Nowakowskir\JWT\Exceptions\IntegrityViolationException Token is not trusted. Either an invalid key was provided or a token was tampered.
Nowakowskir\JWT\Exceptions\AlgorithmMismatchException If the algorithm you decided to use to validate the token is different from the algorithm specified in the token's header.
Nowakowskir\JWT\Exceptions\TokenExpiredException Token has expired (if exp was set by issuer).
Nowakowskir\JWT\Exceptions\TokenInactiveException Token is not yet active (if nbf was set by issuer).

Building the new JWT with expiration date (exp)

If you want your token to expire at some date, you can use exp flag.

$tokenDecoded = new TokenDecoded(['exp' => time() + 1000]);
$tokenEncoded = $tokenDecoded->encode($key, JWT::ALGORITHM_RS256);

Building the new JWT with not before date (nbf)

If you want your token to be not active until reach some date, you can use nbf flag.

$tokenDecoded = new TokenDecoded(['nbf' => time() + 1000]);
$tokenEncoded = $tokenDecoded->encode($key, JWT::ALGORITHM_RS256);

Solving clock difference issue between servers (exp, nbf)

Because the clock may vary across the servers, you can use so-called leeway to solve this issue. It's some kind of time margin which will be taken into account when validating token (exp, nbf).

$leeway = 500;
$tokenEncoded = new TokenEncoded('Existing JSON Web Token');
$tokenEncoded->validate($key, JWT::ALGORITHM_RS256, $leeway);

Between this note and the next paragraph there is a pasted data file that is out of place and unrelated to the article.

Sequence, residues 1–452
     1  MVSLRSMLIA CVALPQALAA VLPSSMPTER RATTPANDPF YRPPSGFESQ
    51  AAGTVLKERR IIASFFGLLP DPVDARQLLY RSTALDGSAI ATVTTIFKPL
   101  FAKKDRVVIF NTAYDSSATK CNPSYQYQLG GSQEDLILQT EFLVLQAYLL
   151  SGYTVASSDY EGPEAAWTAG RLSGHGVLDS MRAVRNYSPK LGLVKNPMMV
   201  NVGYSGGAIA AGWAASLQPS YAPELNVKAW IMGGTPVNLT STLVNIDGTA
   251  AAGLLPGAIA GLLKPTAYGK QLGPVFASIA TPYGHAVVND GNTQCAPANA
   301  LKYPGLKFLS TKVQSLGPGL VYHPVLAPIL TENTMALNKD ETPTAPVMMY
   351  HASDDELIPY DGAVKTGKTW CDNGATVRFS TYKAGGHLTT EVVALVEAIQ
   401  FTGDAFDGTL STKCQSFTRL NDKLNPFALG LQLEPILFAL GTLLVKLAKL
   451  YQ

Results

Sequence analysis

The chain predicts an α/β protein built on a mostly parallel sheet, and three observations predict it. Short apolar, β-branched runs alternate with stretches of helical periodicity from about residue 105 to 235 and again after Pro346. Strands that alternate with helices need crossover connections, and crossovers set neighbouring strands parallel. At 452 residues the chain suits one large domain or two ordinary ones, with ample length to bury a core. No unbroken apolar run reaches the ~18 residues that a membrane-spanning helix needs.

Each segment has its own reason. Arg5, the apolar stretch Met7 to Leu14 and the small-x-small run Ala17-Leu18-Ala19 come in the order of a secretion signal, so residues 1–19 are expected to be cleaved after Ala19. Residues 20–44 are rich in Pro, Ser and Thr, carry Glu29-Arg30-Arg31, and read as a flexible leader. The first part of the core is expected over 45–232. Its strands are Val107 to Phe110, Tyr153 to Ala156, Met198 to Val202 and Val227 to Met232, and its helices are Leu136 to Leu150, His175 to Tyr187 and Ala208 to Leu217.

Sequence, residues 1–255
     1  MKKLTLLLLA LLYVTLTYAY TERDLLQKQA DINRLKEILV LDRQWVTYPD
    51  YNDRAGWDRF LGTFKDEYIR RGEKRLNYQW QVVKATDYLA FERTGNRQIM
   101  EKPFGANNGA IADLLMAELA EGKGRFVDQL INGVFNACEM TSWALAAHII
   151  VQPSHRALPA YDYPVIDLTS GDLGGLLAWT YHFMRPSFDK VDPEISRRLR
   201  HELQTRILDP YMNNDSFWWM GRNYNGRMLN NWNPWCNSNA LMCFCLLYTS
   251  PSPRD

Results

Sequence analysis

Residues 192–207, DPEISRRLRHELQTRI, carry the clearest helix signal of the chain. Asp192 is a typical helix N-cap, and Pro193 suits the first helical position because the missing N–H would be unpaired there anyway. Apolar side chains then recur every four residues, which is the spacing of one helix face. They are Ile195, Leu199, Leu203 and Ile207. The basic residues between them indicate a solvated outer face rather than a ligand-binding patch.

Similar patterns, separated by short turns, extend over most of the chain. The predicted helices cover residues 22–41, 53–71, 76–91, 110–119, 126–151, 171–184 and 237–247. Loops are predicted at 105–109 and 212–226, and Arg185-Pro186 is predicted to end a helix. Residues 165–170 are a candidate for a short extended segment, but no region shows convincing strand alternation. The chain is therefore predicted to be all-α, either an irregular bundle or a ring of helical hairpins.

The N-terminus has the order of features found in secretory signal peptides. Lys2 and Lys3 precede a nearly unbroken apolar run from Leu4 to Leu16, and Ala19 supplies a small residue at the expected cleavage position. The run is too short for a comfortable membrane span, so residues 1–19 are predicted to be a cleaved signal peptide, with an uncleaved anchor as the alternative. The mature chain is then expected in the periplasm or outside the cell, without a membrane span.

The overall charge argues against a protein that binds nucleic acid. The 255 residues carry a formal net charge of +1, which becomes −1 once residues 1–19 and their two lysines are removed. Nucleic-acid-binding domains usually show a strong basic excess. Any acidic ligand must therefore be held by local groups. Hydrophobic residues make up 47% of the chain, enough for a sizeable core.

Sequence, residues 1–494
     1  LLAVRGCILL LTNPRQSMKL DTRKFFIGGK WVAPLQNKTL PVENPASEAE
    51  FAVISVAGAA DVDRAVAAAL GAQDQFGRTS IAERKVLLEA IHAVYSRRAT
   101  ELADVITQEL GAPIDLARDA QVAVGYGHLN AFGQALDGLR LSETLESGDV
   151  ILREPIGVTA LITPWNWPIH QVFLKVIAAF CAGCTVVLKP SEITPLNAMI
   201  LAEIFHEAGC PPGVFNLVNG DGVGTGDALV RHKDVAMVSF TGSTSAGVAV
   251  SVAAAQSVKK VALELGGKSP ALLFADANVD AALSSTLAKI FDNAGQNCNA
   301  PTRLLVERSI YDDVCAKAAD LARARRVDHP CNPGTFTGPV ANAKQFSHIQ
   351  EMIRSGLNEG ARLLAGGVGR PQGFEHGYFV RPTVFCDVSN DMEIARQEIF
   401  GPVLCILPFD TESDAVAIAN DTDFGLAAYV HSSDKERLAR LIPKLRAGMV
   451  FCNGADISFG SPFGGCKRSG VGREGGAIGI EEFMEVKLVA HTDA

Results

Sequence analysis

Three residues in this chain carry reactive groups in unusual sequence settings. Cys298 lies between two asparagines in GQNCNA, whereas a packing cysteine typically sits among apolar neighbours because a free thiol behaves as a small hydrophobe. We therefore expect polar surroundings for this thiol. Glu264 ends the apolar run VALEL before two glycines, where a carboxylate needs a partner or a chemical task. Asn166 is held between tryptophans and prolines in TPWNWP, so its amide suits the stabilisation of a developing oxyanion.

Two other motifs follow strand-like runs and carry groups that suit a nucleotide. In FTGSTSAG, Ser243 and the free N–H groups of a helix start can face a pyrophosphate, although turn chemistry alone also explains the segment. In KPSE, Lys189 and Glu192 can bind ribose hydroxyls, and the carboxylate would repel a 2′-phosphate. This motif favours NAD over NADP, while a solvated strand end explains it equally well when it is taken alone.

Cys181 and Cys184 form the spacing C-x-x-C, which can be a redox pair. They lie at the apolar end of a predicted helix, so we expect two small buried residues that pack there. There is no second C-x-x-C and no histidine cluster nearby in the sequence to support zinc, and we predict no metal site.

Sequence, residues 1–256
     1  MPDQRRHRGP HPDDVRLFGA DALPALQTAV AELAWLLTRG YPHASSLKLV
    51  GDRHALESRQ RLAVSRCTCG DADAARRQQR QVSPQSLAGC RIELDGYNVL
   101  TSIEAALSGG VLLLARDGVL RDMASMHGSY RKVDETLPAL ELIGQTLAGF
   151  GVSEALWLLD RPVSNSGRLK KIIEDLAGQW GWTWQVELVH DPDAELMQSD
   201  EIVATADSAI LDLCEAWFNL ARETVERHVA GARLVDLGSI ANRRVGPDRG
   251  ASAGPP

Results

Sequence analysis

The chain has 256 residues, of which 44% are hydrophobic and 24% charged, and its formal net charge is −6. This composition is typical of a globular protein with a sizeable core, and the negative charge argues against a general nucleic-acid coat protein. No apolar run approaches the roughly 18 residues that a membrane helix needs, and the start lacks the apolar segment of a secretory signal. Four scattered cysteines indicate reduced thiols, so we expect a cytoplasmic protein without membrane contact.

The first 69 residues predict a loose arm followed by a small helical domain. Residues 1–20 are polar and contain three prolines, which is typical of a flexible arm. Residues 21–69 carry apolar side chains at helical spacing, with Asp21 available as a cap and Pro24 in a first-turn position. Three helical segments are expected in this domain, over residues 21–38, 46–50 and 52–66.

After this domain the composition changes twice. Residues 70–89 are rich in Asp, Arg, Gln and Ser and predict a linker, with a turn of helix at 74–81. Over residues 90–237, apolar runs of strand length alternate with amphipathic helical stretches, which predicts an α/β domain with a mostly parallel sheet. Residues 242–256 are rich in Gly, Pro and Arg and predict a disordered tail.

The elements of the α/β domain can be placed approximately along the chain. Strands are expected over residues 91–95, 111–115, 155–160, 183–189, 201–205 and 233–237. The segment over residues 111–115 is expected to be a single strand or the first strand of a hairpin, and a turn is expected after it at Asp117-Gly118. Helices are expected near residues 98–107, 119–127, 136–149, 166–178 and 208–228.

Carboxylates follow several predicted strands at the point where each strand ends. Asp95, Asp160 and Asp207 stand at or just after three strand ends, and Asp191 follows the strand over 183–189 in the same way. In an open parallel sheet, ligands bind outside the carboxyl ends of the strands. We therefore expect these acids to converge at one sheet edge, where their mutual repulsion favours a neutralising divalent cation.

Security best practices

Don't pass confidential data in token's payload

Please note that providing a key is not required to decode a token, as its header and payload are public. You should put special attention to not pass any confidential information within the token's header and payload. JWT only allows you to verify if the token containing the given payload was issued by a trusted party. It does not protect your data passed in a payload! Be aware anybody can access your token's payload!

Don't trust your payload until you validate a token

The only way to ensure the token is valid is to use TokenEncoded::validate() method. Please keep in mind that TokenDecoded::decode() method decodes a token only. It gives you access to its payload without any validation!

The reason why it allows you to get the token's payload without any validation is that:

  • it's a nature of JWT that token's payload is not encrypted and is not protected by keys, so you should not even have illusion it is protected,
  • you may need to use some parts of your token's payload before token validation.

Enforce algorithm when encoding and validating token

As in some circumstances, the algorithm defined in token's header may be modified by an attacker, it's highly recommended to not rely on the algorithm contained in token's header.

Due to security reasons you should choose one algorithm whenever possible and stick to it in both issuer and verifier applications.

To increase your tokens' security, this package requires an algorithm to be provided when encoding and validating tokens.